You may see her power-walking through the streets of her Congress Heights neighborhood. Smiling. Waving. Giving out hugs here and there. On Sundays, you will most definitely catch her at Park Road Community Church praying and worshipping God. Once a year, you will see her strutting on the Mall, donning her pink, monogrammed walking shoes for the Susan G. Komen breast cancer walk. Muriel Langford, also known as Ms. Pinkie, is a very visible woman. But the invisible side of this Washington native is the part that makes her so inspirational to women everywhere.
‘I think I feel a lump’
Langford was having typical day on her job at the US Tax Court in the summer of 2007 when she went to scratch her chest. Right then she felt something. “I went to my coworker and said, ‘You know, I think I feel a lump.’” Her colleague advised her to see someone immediately.
Langford got an appointment at Kaiser Permanente, where they ran a series of tests including a biopsy. The results came back positive for breast cancer, stage one. “I was in denial. She gave me all this information to read and she said you can have a lumpectomy or a mastectomy. I got on the train and went to work. It didn’t kick in until I talked to my supervisor. I said I just went to the doctor and they said I had cancer. That’s when I broke down. I cried and cried.” By the day’s end she had made up her mind to have a lumpectomy.
She went home to break the news to her family. “I was more scared than anything. I was the first in my family to have breast cancer. And the next thing I knew, my aunt, my cousin, and my aunt’s daughter were diagnosed with it too. But my family and my coworkers and church members were so supportive.” Her lump was removed at Holy Cross Hospital in Silver Spring.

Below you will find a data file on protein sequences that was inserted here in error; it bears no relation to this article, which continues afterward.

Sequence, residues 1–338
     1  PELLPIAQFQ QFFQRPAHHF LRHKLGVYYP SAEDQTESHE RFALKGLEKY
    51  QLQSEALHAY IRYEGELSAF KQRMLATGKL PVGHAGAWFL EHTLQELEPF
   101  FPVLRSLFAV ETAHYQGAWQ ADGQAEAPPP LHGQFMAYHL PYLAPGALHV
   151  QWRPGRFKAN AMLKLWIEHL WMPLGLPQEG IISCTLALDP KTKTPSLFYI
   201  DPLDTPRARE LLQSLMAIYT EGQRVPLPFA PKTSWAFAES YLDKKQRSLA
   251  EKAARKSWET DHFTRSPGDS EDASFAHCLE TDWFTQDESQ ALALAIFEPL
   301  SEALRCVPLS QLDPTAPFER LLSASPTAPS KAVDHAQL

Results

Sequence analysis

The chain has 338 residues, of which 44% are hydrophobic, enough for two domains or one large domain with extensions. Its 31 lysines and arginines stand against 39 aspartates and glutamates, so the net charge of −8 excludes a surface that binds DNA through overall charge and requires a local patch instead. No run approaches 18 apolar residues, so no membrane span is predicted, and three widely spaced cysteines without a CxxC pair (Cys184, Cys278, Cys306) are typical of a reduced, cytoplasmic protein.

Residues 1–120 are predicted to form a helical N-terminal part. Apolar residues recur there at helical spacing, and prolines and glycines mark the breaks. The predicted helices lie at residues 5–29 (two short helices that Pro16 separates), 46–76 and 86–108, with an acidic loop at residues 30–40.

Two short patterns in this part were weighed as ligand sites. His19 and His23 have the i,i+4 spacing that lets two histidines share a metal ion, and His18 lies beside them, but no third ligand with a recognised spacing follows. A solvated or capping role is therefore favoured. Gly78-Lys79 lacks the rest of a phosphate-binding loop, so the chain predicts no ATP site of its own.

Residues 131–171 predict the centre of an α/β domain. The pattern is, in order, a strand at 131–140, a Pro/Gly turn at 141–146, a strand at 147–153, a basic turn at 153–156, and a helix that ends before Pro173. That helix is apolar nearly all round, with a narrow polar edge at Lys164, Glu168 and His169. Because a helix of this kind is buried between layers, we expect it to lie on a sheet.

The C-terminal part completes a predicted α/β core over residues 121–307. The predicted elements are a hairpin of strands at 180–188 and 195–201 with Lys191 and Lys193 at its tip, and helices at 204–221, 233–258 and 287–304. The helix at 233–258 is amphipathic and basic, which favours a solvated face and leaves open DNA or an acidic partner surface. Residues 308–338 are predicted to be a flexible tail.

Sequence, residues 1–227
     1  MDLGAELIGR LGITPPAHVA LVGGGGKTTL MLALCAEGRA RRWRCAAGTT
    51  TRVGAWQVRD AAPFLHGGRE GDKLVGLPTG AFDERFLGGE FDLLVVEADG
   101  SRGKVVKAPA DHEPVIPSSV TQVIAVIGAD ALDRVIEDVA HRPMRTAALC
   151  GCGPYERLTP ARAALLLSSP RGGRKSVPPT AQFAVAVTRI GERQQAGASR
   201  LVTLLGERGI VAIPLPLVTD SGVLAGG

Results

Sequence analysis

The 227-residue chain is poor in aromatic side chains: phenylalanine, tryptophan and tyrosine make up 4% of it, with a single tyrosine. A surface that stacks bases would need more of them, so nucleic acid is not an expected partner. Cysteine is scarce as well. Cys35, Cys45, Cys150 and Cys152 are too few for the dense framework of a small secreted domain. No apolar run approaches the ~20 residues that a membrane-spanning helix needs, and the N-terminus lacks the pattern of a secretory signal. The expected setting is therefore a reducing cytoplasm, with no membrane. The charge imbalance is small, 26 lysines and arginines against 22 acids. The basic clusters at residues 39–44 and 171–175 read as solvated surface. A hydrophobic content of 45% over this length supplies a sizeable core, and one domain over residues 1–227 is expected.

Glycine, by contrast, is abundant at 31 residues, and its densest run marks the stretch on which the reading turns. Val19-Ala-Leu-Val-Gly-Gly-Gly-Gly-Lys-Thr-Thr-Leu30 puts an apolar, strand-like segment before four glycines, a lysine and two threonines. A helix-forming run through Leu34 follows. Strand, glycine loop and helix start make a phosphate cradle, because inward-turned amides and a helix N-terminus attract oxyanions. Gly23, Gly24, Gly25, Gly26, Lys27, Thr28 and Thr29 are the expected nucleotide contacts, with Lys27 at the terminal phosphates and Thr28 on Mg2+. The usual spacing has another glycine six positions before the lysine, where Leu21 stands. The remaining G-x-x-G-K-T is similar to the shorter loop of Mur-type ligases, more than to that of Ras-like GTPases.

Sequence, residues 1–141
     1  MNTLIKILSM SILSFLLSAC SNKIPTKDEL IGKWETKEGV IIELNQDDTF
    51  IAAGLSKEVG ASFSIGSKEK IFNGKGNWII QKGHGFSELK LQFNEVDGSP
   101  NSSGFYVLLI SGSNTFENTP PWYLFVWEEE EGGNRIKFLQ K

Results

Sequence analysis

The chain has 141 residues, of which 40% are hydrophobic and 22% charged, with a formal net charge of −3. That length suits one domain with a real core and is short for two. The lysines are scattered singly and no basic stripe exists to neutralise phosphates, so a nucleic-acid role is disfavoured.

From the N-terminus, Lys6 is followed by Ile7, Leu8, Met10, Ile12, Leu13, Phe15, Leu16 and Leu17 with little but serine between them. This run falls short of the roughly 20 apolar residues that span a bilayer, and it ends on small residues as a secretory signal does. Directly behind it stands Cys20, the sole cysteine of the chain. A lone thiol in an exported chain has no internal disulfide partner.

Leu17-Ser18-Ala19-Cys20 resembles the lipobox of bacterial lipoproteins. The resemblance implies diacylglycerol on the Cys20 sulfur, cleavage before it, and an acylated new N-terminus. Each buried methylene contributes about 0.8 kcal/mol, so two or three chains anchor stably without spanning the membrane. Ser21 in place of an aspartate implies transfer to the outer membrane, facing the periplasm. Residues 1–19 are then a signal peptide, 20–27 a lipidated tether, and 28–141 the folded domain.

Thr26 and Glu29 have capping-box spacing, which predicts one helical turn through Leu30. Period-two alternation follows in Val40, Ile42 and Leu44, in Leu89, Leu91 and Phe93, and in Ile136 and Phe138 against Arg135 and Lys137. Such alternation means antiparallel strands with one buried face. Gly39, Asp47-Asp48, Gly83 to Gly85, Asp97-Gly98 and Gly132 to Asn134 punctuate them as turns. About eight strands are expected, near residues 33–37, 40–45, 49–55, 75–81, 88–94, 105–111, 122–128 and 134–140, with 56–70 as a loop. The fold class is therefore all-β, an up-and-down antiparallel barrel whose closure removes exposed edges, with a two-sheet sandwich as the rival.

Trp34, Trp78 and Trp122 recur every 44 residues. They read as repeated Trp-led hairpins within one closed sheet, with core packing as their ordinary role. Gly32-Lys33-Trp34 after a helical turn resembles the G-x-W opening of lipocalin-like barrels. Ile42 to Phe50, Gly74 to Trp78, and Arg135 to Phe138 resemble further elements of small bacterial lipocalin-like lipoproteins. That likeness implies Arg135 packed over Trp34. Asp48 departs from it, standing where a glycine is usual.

She began her rounds of chemotherapy after surgery. “I would go at 6 a.m. and get my chemo. I would sit for hours. I would leave Kaiser and go to work. I wasn’t tired at all. After work, I would go home and go to bed. And that was my routine.” On days when she didn’t have to report to Kaiser, her daughter Regan would come by her home on early mornings to administer shots.
Round Two with a Twist
In June 2011, Langford had gone through her last round of Tamoxifen. The bills were stacking up. Her copays were stacking up too. Ms. Pinkie was ready to get on with her life. But the doctors found a mass in her lymph nodes. “I had to get the nodes removed and go through the chemo, shots, and everything all over again.”
She pressed on in spite of her current situation. The second round of chemo was harder than the first. And the cancer drug that she was prescribed this time had terrible side effects. “The side effects nearly killed me. My joints were killing me. I couldn’t sleep well. They had to give me another drug to help me sleep. I prayed that God would help me get off of this medication.”
In addition to battling cancer, Langford found out that she had hepatitis C, a dangerous virus that attacks the liver. “I couldn’t figure out how that could happen. I’m not a drug user. Never had been. I don’t drink or smoke. I was confused about how this could happen. So I had to take medications and shots just like I did for the cancer. My stomach was so bruised up it looked like a grape.” She was on medication for HCV for several months.
Breast Cancer Doesn’t Always End with Therapy